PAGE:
NewsProject: Drive Safer


Should Wisconsin bring back universal driver’s education? Gov. Evers and Rep. Donovan think so

"I think driver's education is something that we need to rethink,” Gov. Tony Evers told TMJ4 News.
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Posted at 4:33 PM, Apr 11, 2023

MILWAUKEE — A bipartisan group of lawmakers believes the state should bring back universal driver’s education in order to make Wisconsin roads safer.

The state stopped reimbursing school districts for driver’s ed nearly 20 years ago.

Stevie Davis has been a private driver’s ed instructor in Milwaukee for decades.

"I take pride in what I do,” he said. “I want to be the best in what I do."

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He teaches high school teens who need driver’s ed to get a license and adults who can skip it altogether once they turn 18.

“Do you think too many teens are unable to afford driver’s education?” TMJ4 reporter Ben Jordan asked.

"Yes, Some of the adults I had, they're 18, 19, in their early 20s and I ask them, 'Why didn't you take driver's ed in high school?’ And they told me that's the reason why, they didn't have enough money,” Davis said.

U.S. Census Bureau data shows there are roughly 140,000 people ages 16 and 17 in Wisconsin. The Wisconsin Department of Transportation says 86,000 students that age have completed driver’s ed. That adds up to about 61 percent of eligible students under the age of 18.

"I think driver's education is something that we need to rethink,” Gov. Tony Evers told TMJ4 News.

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Gov. Evers says he thinks the solution is bringing back universal driver’s ed.

"Obviously it's kind of fallen off most people's plates,” he said.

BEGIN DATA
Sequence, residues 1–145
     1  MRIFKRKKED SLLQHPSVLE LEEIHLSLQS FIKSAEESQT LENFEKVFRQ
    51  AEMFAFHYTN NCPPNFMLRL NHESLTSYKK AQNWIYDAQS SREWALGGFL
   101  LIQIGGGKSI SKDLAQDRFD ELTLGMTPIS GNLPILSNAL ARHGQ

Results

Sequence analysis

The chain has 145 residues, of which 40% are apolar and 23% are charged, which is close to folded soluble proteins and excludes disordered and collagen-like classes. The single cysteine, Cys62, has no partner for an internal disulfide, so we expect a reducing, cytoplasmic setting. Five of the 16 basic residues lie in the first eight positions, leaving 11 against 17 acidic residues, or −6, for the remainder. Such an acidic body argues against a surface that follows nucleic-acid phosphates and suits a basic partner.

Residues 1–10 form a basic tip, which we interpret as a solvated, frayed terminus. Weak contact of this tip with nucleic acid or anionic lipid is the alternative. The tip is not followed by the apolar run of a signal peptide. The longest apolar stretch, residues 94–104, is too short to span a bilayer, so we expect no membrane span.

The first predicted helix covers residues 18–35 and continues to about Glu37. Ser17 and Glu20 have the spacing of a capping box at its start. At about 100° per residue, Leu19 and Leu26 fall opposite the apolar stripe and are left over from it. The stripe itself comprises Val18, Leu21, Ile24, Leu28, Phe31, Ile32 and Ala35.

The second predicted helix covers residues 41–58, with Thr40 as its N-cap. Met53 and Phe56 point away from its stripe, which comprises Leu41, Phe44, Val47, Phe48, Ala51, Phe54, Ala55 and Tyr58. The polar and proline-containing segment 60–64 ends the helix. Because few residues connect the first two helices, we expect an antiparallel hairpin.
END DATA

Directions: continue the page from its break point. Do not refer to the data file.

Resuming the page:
Until 2004, the state set aside $3.8 million each year to reimburse school districts that were required to offer driver’s ed as a class in high school. It paid schools $100 per student to participate.

Flash forward to this year and the Wisconsin Insurance Alliance is pushing the state to use the $6 million it pays to Wisconsin in industry fees to fund driver’s ed for students on free or reduced lunch. Gov. Evers thinks it should be available to all students regardless of family income.

"Driver's ed is not all that expensive,” he said. “Just segmenting a group of people saying, 'Well, if you're on free or reduced lunch you're more likely later to drive inappropriately’, I think that's a stretch.”

Republican State Representative Bob Donovan also believes it’s a critical investment.

"I would even support that it be mandatory for our kids to take those classes,” he said.

Rep. Donovan says he’s working on legislation in an effort to make it a reality.

“What would need to take place in order to convince a majority of lawmakers that it’s worth the cost?” Jordan asked.

"I like the fact that in my discussions with the insurance industry, they're willingness to put up some money towards this effort,” Rep. Donovan replied. “I think it makes a lot of sense and I think it would pay dividends down the road."

Rep. Donovan admits the proposal wouldn’t address reckless drivers who are already behind the wheel, but he thinks it could make a difference for the next generation of drivers.

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